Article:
Five foods to tackle low blood pressure

You can help rebalance your blood pressure with these top foods and drinks If you’ve recently been diagnosed with low pressure, it means your blood pressure readings are consistently 90/60 or lower.1 Doctors don’t usually consider low blood pressure – or hypotension – an issue because the lower your blood pressure, the lower your risk of heart attack and stroke.2 Most of the time, low blood pressure is simply a sign you’re fit and healthy – which is good news!3 But low blood pressure can cause uncomfortable symptoms, including:4
  • dizziness
  • light-headedness
  • nausea

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5 foods to help low blood pressure

If your symptoms are bothering you, adding these foods and drinks to your diet can help bring your blood pressure back into balance.

1. Up your fluid intake

Drinking more can increase your blood volume, gently raising your blood pressure. Go for water and herbal teas, rather than coffee and colas.5

2. Vote green – for veggies

A lack of folate in your diet can sometimes lead to low blood pressure.6 Green leafy vegetables such as kale, spinach and broccoli are all good sources of folate, so try to include more of these.7

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3. Boost your B12

Yeast extract and nutritional yeast are good sources of vitamin B12, as well as folate.8,9 Low levels of B12 have been shown to contribute to low blood pressure.10

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4. Super cereals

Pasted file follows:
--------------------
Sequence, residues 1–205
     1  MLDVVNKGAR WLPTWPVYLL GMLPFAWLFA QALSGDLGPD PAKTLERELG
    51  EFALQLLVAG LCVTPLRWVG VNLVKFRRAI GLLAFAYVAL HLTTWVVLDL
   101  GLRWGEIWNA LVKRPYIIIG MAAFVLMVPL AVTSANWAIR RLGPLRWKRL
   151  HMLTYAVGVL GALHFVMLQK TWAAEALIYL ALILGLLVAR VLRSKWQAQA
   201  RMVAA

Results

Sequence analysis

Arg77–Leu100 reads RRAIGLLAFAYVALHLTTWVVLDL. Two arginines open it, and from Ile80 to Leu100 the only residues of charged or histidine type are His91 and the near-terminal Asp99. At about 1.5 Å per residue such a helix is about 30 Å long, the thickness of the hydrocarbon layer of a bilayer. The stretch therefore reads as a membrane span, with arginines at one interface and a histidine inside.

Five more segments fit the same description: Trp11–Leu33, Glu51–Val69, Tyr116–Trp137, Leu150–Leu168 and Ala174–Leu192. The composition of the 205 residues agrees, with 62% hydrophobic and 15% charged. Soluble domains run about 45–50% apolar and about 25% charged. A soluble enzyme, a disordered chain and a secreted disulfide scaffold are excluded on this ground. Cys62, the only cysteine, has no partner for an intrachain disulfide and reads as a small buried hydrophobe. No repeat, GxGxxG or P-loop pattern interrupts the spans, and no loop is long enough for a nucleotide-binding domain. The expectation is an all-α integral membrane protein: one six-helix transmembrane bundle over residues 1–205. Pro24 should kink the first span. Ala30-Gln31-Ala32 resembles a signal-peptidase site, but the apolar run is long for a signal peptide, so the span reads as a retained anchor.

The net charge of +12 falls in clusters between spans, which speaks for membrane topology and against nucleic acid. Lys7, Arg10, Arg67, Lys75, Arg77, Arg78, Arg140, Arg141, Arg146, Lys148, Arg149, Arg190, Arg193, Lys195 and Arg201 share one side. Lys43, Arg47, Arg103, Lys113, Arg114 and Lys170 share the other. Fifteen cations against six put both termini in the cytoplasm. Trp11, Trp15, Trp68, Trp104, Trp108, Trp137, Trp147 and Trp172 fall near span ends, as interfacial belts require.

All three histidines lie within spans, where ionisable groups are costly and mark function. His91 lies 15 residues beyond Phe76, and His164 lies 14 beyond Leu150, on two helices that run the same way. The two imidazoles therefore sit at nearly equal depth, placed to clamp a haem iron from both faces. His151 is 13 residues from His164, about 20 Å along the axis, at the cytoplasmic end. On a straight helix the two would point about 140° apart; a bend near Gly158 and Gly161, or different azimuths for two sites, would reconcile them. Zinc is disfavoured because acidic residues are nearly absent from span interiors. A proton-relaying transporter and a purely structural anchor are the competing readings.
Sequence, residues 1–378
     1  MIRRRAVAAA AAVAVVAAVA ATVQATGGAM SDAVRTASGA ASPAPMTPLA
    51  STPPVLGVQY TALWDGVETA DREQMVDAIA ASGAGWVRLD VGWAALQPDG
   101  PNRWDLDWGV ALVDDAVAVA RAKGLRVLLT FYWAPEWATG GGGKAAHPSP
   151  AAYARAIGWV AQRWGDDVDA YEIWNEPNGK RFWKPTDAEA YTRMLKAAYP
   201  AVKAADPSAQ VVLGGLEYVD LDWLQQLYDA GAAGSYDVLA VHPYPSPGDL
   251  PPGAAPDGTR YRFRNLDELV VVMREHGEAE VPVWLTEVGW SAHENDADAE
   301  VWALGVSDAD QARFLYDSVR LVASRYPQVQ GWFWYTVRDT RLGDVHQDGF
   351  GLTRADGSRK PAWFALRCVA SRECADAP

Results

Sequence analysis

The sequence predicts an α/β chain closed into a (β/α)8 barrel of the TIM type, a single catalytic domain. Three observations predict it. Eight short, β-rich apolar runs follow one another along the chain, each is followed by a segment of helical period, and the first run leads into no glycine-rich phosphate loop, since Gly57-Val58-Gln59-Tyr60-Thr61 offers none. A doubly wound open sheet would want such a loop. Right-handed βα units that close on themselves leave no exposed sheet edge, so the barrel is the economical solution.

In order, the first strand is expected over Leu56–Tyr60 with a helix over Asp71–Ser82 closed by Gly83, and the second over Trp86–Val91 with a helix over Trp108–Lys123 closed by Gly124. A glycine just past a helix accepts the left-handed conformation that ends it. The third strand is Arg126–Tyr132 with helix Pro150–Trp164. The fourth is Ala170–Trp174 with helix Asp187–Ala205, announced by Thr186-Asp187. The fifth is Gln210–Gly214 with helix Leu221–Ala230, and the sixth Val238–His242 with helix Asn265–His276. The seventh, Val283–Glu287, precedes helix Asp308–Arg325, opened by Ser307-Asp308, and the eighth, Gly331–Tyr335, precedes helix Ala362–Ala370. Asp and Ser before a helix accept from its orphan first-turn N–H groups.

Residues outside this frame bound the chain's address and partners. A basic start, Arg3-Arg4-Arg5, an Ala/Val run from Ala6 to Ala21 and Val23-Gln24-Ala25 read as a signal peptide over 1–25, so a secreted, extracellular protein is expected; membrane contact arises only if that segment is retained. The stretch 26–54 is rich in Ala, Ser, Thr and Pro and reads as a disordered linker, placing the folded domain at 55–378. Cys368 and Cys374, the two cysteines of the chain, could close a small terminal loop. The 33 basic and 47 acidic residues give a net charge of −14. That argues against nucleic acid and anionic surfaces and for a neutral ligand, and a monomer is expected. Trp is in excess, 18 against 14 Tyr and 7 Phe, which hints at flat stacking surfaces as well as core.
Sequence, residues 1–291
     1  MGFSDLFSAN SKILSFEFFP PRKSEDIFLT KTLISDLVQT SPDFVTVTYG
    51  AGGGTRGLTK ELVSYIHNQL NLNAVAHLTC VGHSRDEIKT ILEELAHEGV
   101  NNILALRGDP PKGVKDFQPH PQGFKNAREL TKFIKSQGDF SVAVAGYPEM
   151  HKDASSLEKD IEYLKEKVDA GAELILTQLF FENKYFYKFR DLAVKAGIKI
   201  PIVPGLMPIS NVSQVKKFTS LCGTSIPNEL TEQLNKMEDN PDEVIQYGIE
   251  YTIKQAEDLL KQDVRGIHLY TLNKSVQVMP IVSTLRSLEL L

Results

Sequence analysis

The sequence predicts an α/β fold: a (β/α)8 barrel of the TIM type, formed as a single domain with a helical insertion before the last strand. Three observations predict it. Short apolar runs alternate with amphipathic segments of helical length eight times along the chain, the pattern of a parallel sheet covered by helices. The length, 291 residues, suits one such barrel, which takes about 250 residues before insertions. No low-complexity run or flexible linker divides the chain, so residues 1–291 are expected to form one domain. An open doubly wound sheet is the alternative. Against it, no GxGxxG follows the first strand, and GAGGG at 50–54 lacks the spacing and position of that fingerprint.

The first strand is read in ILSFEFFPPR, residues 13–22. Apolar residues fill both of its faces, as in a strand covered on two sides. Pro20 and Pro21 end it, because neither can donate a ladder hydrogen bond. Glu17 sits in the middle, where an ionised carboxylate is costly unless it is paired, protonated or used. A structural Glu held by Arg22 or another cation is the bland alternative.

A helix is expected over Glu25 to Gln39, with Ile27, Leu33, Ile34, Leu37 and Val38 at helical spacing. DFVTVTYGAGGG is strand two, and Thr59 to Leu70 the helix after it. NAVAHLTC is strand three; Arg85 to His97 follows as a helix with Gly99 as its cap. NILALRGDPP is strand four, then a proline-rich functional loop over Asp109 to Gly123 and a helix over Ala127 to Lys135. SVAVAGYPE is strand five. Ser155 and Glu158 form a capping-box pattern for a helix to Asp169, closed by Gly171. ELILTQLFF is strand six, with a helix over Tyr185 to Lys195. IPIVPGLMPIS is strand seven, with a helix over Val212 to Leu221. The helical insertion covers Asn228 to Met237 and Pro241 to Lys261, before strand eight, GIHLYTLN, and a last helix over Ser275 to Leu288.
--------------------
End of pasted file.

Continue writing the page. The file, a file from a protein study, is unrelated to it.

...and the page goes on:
Wheat germ and other cereals are a good source of folate.11 And vitamin B12 is found in some fortified cereals – check the label.12 If you’re vegan, it can be particularly difficult to include enough B12 so you could think about taking a supplement.13/sup>

5. Go for an old-school sweet

Liquorice contains a substance called glycyrrhizin, which works to alter the body’s levels of salts, like potassium and sodium. In turn, this raises the volume of blood, increasing your blood pressure.14 But only eat it now and again – you don’t want to have high blood pressure, either.
Advice is for information only and should not replace medical care. Please check with your GP before trying any remedies.
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Sources
  1. . NHS Choices. Low blood pressure (hypotension). Available from: https://www.nhs.uk/conditions/low-blood-pressure-hypotension/
  2. . Blood Pressure UK. What is low blood pressure? Available from: http://www.bloodpressureuk.org/BloodPressureandyou/Thebasics/Whatislow
  3. . As Source 1
  4. . Mayo Clinic. Low blood pressure (hypotension). Available from: https://www.mayoclinic.org/diseases-conditions/low-blood-pressure/symptoms-causes/syc-20355465
  5. . As Source 1
  6. . As Source 4
  7. . British Dietetic Association. Food fact sheet: folic acid. Available from: https://www.bda.uk.com/foodfacts/FolicAcid.pdf
  8. . British Dietetic Association. Food fact sheet: vegetarian diets. Available from: https://www.bda.uk.com/foodfacts/vegetarianfoodfacts.pdf
  9. . As Source 7
  10. . Ganjehei L, et al. Orthostatic Hypotension as a Manifestation of Vitamin B12 Deficiency. Available from: https://www.ncbi.nlm.nih.gov/pmc/articles/PMC3461697/
  11. . As Source 7
  12. . As Source 8
  13. . Vegan Society. What Every Vegan Should Know About Vitamin B12. Available from: https://www.vegansociety.com/resources/nutrition-and-health/nutrients/vitamin-b12/what-every-vegan-should-know-about-vitamin-b12
  14. . British Heart Foundation. Could eating liquorice affect my blood pressure? Available from: https://www.bhf.org.uk/heart-matters-magazine/nutrition/ask-the-expert/liquorice
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